TOIVOLA TOWNSHIP (AP) -- Alvin Saralampi probably knows more about Toivola Township than anyone on the planet.
He can chronicle the lives of the early Finnish pioneers who settled along Sand Creek with dreams of logging the area 52 miles northwest of Duluth. He was alive in the late 1920s when the mill burned down, nearly crushing the spirit of the community. He remembers when Terese Nault bought a neighbor's three-story home and trucked it to her quiet, tree-lined property more than a mile away.
"It's a very special place, and the history is very important," said Saralampi, Toivola's township historian. "It's quiet here; it's peaceful."
Saralampi, 75, was a key organizer of Toivola's 100-year celebration that ended Aug. 10 with a street dance and fireworks. Residents erected a stage in front of Town Hall for the dancing and arranged historical pictures and memorabilia submitted for display.
But it would be wrong to call it Toivola's centennial celebration.
The actual 100-year anniversary of the formation of Toivola Township is nine years away. But Toivola residents are celebrating the anniversary early because several township elders might not be around for the centennial.
"It's actually been over 100 years since the settlers arrived," said Nault, a Township Board member who helped organize the event.
Residents will honor about 10 Toivola residents in their 90s, their last living links to the township's pioneer history.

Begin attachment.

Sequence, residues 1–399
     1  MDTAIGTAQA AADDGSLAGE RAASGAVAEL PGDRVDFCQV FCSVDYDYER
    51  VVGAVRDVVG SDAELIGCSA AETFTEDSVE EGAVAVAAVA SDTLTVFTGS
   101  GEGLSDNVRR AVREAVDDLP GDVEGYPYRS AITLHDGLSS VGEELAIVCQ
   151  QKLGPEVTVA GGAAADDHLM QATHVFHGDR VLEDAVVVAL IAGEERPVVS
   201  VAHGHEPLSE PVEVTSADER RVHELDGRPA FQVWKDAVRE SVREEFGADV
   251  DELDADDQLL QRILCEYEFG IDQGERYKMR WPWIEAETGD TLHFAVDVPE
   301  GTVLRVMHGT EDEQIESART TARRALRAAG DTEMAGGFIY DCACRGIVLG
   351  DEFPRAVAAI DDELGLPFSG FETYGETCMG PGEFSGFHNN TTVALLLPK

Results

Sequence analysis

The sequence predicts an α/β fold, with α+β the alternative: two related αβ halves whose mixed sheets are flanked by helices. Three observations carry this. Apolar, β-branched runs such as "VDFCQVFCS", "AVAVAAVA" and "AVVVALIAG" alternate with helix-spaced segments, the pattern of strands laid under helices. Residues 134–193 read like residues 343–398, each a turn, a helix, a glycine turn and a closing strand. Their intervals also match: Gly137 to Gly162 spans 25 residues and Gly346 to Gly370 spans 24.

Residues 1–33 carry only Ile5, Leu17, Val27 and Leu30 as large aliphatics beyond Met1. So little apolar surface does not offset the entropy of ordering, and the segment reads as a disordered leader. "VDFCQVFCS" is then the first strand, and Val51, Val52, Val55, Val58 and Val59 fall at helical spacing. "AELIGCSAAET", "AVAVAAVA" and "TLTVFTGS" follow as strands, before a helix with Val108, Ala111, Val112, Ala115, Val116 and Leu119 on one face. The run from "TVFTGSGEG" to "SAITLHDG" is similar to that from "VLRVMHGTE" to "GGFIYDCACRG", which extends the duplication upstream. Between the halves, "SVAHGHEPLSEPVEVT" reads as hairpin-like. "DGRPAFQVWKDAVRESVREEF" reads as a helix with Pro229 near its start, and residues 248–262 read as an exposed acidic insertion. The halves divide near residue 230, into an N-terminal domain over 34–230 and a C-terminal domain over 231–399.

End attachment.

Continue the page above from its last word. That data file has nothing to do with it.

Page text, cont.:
Toivola has slowly lost population since the 1940s, when the township edged up to 427 people. Since then, the elementary school has closed, local businesses shut down and left shelled-out buildings with for-sale signs and boarded-up windows. There is little logging left in Toivola, which has become a haven for hunters seeking deer, black bear and grouse. Hunters have gobbled up acre after acre of land, often for less than $1,000, and erected hunting shacks that sit vacant most of the time.
Toivola now has about 200 residents, most of whom are retired or work on the Iron Range or in Duluth. It's the kind of town where streets are named after pioneer settlers -- like Maki, Arkola and Lahti -- and residents tout Toivola's cemetery as one of the township's best amenities.
Herb and Greta Lindgren will never leave.
"I love Toivola," said Herb Lindgren, 73, who stopped by the community center with his wife to drop off photos for a display on the township's history. "I hope the celebration will be a way to get all the old-timers back together, for the fellowship."
The community center is in the old elementary school, which closed in 1977 due to declining enrollment. A plaque hangs on the wall from 1940 when Toivola High School won second place in St. Louis County's one-act drama contest.
Life in Toivola has not always been easy for Lindgren's family.
His father started a dairy farm after the mill burned down, and Lindgren took over when his father retired. Lindgren's mother died when he was an infant. Farming demanded hard work nearly from the time he could walk.
The Lindgrens' three children grew up on the farm with much the same life. They eventually moved away to larger towns and cities. Lindgren sold the farm in 1991. He and Greta now live next door to the cemetery.
"Financially, the farm was not the most rewarding, but family-wise, it was," he said, standing next to a photo of his mother in a long dress on a huge boom over the river, guiding logs downstream toward the mill. "My children have a strong sense of roots and fellowship. That's very important; that's what this celebration is all about."
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